Plug and Play with ISOBUS: What it is and how it can Help Your Operation

January 4, 2019

If you’ve invested in or researched precision technology, you’ve likely heard of ISOBUS.

But what is it?

Also referred to as ISO, it is the industry-standard communication protocol for ag equipment manufacturers that allows computers, vehicles and implements — regardless of their brand — to “talk” to each other.

It’s what makes “plug and play” possible across different brands. With standardized plugs, cables and software, if a piece of equipment has ISOBUS, you can plug it into any ISO display and get the same user interface (UI) and workflow, display to display, tractor to tractor.

Benefits of ISOBUS

Due to its consistency and simplicity, ISOBUS can provide many benefits on your farm.

For starters, you no longer have to stick with the same brand for every tractor or implement you purchase.

With dozens of manufacturers listed in the Agricultural Industry Electronics Foundation (AEF) compatibility database — the organization founded to improve cross-manufacturer compatibility of electronic and electric components of ag equipment — you can have a mixed fleet without worrying that a piece of equipment won’t work with another, as long as they’re all equipped with ISOBUS.

Farmers can register to access the AEF’s database for more information on certified ISOBUS products and to determine compatibilities between equipment.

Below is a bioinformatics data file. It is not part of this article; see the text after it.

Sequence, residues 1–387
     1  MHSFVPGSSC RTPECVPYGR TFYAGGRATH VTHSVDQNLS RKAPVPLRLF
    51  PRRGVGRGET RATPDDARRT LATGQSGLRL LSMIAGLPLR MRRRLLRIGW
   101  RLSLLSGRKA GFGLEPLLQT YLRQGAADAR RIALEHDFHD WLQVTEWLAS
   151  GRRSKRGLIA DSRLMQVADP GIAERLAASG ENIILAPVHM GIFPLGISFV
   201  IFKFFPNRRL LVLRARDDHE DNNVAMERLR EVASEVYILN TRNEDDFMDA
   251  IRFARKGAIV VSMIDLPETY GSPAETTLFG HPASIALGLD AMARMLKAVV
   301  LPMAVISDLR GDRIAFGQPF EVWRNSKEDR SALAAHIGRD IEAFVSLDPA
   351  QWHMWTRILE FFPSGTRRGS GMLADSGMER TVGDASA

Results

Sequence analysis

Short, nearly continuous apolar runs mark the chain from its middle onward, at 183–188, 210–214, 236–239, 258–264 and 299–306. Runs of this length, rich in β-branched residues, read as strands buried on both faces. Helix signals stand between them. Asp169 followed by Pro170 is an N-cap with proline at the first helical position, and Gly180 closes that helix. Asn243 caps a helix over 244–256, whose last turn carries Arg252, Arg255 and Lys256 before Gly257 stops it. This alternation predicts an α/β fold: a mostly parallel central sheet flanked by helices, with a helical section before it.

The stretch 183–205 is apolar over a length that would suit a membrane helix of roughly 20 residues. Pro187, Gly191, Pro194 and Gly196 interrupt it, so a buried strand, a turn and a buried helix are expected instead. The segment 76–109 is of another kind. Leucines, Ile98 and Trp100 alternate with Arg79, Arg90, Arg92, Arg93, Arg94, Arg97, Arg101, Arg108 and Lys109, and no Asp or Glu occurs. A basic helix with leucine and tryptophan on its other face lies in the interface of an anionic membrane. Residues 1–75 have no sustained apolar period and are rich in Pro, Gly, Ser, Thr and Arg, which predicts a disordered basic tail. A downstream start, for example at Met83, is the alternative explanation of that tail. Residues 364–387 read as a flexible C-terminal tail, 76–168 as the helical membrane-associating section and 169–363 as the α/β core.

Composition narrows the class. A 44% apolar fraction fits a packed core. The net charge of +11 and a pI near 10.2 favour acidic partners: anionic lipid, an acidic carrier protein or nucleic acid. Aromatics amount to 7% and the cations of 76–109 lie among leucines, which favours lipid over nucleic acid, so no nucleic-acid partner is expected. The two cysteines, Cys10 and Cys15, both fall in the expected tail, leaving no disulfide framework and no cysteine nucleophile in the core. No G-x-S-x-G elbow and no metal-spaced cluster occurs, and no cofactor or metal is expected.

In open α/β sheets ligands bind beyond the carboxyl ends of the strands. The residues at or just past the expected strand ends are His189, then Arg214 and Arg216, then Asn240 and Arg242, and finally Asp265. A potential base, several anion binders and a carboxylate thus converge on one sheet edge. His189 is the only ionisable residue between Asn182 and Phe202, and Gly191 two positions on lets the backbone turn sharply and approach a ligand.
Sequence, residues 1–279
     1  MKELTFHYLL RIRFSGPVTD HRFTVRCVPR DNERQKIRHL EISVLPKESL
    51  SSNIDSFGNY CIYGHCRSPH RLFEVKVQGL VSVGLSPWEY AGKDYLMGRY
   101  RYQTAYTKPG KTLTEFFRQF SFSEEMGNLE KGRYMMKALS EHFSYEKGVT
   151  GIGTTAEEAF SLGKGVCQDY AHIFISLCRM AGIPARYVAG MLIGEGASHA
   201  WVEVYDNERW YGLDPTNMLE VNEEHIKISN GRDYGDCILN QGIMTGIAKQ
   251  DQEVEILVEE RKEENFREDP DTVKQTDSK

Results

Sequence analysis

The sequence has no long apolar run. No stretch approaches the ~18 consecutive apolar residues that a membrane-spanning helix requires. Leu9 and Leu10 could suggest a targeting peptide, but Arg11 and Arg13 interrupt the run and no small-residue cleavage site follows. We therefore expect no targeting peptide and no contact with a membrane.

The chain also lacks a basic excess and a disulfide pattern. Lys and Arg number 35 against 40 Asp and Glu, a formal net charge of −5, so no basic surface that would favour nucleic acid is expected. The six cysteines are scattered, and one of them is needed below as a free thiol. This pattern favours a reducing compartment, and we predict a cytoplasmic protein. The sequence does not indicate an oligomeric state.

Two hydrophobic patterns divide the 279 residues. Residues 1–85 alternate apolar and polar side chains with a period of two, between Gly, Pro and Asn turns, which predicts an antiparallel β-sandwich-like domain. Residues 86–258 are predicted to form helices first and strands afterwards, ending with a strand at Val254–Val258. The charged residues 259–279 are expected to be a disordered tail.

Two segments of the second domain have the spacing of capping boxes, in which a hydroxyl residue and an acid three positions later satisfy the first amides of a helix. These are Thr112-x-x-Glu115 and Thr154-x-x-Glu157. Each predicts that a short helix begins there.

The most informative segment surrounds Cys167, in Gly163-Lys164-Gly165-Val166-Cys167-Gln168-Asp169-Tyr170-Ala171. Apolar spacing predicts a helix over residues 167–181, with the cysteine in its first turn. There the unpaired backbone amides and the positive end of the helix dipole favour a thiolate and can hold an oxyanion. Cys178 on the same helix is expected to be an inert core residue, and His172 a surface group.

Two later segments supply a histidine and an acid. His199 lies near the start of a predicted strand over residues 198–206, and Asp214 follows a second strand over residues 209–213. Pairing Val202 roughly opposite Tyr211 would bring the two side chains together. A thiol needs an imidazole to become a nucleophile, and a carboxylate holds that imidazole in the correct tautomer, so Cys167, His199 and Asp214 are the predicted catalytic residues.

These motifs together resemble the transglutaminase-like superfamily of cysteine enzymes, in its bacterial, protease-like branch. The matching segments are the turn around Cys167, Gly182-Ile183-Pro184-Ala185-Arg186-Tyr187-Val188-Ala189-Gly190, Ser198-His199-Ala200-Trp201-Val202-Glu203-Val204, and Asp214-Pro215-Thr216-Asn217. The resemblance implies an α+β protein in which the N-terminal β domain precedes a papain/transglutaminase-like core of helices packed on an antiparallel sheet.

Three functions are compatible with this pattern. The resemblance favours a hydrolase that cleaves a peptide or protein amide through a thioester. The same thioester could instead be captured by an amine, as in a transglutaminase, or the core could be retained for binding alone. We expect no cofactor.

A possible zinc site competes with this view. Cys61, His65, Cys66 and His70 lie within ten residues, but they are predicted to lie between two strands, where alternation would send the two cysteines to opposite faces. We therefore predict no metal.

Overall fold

For those with mixed fleet farms and several employees, ISOBUS can help keep operations running smoothly, as any operator can take any ISO-capable tractor, plug the ISO implement into it and begin working. They don’t need to recall settings or do any additional setup because everything is loaded and ready to run, reducing downtime.

Finally, having ISOBUS can help with reselling your equipment. Since ISO is the industry standard for ag equipment, there’s no concern of it becoming obsolete, and it makes it easier to sell to someone who may be running a different brand.

Does it really work?

There is a perception among some farmers that ISOBUS doesn’t work, and this is likely due to equipment that was marketed as being ISOBUS compatible when it truly wasn’t. These products may have been marketed as “ISOBUS prepared” or “ISOBUS light,”